The spooky, uncanny and macabre from the Permanent Collection

The spooky, uncanny and macabre from the Permanent Collection

As we embark on the spookiest day of the year, the staff have been rummaging around in the permanent collection (whilst wearing white gloves and abiding by our art handling training, of course) and we have come up with the Top Ten spooky, sinister, uncanny, eerie and macabre artworks to get you in a ghoulish mood:

1. Undergrowth with Skulls by Charles Andrew, Oil on Canvas.

A cache of scary skulls lying in the undergrowth has caused us to ask, what has happened here?  The skulls with their pointy teeth look to have been dangerous animals in their own right, begging the question what type of man or beast has done away with these creatures?

(c) Royal West of England Academy; Supplied by The Public Catalogue Foundation

2. The Little Mirror by Anne Redpath RWA, Oil on Canvas.

The cold, dark colours in this painting conjure a spooky scene, and the little doll-like figures adorning the bottom of the mirror really give the painting an uncanny feeling, like the dolls are trapped, bound to the mirror. Forever.

(c) BRIDGEMAN; Supplied by The Public Catalogue Foundation

3. Nude by Anthony Fry RWA, Oil on canvas.

The white nebulous background of this image reminds us of ectoplasm and that is before we even begin to question what has happened to the arms and legs of this poor female nude.

(c) Anthony Fry; Supplied by The Public Catalogue Foundation

4. Mother and Daughter II by Anthony Whishaw RWA, Acrylic & ink on paper.

We love this slightly Picasso-esque picture by Anthony Whishaw. Whishaw is known for his unexpected figurative hybrids and there is something bird-like about the mother depicted on the right of the painting. The blue sweeping objects remind us of tail feathers, reminiscent of Alfred Hitchcock’s classic horror film, The Birds.

(c) Anthony Whishaw RA; Supplied by The Public Catalogue Foundation

 

5. Strata Shadows by John Eaves RWA, Oil on canvas.

The title of this piece tipped us off to its sinister undertones. Strata – an archaeological term meaning layers – refers to earth and stone built up over centuries, and the mysteries concealed beneath.

(c) John Eaves; Supplied by The Public Catalogue Foundation

6. Masque by Douglas Portway, Oil & collage on paper.

The over-sized features and hollowed eyes of the decapitated head which looms in from the left of this painting resemble a strange spectre. The background is made up of a combination of shadows and peculiar apparitions.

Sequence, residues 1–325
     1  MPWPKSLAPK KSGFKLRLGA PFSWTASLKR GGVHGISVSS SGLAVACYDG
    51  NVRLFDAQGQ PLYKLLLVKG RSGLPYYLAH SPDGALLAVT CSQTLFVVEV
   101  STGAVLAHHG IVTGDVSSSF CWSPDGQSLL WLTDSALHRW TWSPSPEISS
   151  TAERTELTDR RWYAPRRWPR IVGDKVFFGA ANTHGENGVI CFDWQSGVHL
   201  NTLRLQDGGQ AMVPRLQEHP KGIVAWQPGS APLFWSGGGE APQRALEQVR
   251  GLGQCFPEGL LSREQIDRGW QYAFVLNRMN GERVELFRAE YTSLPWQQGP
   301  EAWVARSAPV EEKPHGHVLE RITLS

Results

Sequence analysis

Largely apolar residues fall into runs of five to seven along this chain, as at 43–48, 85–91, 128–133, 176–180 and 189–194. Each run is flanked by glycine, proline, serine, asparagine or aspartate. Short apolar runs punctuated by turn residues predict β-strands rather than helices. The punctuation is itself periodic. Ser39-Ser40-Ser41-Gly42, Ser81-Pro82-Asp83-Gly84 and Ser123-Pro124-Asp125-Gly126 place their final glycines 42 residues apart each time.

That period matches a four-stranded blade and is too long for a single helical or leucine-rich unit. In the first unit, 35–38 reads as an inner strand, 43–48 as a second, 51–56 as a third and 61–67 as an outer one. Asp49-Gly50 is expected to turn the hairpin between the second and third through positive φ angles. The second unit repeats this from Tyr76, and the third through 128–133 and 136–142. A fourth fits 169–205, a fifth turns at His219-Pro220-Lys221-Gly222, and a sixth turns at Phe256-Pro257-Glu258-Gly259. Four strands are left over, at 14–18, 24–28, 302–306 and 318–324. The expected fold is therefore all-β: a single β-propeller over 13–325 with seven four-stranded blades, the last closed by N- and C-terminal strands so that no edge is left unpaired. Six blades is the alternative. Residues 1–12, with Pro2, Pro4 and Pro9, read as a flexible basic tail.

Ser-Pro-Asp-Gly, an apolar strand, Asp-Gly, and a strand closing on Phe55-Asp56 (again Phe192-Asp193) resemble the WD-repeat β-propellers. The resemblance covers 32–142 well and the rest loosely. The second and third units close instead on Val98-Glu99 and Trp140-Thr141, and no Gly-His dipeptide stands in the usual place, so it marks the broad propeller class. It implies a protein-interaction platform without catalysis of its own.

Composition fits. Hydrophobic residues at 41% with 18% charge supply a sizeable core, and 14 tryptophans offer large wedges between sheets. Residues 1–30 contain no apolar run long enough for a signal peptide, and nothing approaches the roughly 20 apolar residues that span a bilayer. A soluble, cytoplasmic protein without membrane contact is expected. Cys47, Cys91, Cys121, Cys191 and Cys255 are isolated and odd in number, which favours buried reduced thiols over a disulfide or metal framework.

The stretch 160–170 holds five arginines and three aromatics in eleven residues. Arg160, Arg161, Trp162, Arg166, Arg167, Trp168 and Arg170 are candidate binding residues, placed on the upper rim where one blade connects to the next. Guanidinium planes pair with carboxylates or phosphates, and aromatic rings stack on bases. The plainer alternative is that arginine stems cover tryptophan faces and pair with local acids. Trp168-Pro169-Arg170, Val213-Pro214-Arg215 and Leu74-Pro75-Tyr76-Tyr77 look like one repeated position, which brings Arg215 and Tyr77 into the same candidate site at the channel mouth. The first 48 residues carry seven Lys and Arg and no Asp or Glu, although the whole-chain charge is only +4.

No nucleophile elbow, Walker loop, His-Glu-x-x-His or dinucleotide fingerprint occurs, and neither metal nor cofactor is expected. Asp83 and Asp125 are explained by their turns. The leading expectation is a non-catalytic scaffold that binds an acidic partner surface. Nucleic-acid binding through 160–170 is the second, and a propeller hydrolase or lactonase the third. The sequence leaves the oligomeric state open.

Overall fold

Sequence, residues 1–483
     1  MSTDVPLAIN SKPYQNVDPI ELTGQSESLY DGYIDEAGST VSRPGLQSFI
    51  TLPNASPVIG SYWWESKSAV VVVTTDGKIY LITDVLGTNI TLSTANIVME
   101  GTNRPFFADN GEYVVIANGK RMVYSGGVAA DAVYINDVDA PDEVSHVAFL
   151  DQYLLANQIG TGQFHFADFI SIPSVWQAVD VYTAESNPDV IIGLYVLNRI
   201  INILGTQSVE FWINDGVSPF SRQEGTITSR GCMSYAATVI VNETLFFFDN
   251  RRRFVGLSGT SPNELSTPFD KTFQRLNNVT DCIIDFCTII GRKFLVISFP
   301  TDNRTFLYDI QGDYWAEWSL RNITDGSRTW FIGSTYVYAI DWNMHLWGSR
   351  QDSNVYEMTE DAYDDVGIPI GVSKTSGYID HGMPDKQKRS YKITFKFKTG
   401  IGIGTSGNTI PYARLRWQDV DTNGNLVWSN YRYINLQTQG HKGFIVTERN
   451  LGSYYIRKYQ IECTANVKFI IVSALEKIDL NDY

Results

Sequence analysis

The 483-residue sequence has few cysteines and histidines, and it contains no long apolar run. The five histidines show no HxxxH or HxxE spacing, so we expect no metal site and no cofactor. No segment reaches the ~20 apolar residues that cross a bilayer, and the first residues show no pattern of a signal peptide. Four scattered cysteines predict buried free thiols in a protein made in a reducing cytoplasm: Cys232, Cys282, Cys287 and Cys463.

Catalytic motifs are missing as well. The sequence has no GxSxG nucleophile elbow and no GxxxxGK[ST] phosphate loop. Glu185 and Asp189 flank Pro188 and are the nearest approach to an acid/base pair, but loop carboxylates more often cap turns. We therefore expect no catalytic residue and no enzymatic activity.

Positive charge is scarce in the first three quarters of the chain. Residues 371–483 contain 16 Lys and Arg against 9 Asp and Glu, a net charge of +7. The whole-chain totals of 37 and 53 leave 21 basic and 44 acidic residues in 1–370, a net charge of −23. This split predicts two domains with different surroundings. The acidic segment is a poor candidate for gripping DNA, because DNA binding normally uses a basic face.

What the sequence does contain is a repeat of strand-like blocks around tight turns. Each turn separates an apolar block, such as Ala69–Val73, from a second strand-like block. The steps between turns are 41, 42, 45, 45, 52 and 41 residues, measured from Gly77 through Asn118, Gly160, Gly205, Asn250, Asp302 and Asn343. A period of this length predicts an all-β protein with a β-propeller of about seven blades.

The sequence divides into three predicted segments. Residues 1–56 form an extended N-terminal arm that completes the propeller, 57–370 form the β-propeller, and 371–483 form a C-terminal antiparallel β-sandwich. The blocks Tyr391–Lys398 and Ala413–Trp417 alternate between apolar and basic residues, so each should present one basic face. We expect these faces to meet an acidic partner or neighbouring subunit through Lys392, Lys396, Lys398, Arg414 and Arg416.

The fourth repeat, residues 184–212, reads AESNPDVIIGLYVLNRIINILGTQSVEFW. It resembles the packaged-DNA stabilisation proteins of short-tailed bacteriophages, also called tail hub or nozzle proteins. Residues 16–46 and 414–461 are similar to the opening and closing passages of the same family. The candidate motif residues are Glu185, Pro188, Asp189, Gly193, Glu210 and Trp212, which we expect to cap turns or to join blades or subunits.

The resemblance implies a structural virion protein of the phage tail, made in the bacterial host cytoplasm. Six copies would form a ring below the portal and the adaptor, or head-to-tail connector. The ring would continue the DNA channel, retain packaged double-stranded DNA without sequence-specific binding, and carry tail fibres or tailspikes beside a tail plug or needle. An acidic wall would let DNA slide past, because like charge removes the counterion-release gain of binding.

(c) Simeon Portway (son); Supplied by The Public Catalogue Foundation

 

7. Ophelia by James Martin RWA, Oil on board.

From the famous Shakespearean tragedy Hamlet, Ophelia goes mad and climbs a tree, before drowning in a brook when the branch she is sitting on breaks, plunging her to her death in the dark waters below.  The large waterbirds and fish in this image serve to highlight the horrors of Ophelia’s watery end. Presenting the image from above allows the viewer to imagine they are seeing her laid in a grave, and the claustrophobic composition is suggestive of the confines of a coffin.

(c) Royal West of England Academy; Supplied by The Public Catalogue Foundation

 

8. Psyche Dipping Her Pitcher in the River Styx by Paul Ayshford Methuen, Oil on canvas.

Another literary reference, here we have Psyche being plagued by monsters. These scary, serpentine dragons are enough to give you the creeps, but scarier still – they have been sent with a foreboding warning for Psyche too ‘Stay away! Stay away’.

(c) James Methuen-Campbell; Supplied by The Public Catalogue Foundation

9. Steam Engine by Julian Trevelyan RA, Oil on board.

Known for his surrealist work, Julian Trevelyan enrolled at Atelier Dix-Sept engraving school, where he learned etching. He worked alongside artists including Max Ernst, Oskar Kokoschka, Joan Miró and Pablo Picasso. At first glance one might be mistaken in thinking this was cheery colourful scene, without malice or ill content. However, the driver, as if under a spell or possessed by a spirit, has little regard for safety charging his engine into the harbour.

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10.  Pizza Hut by Danny Markey RWA, Oil on board.

For those of you who have been to a Pizza Hut on an evening in Half Term you will know why this image is scary!

(c) Royal West of England Academy; Supplied by The Public Catalogue Foundation

We hope you’ve enjoyed our spooky selection tonight. Happy Halloween from all at the RWA!

 

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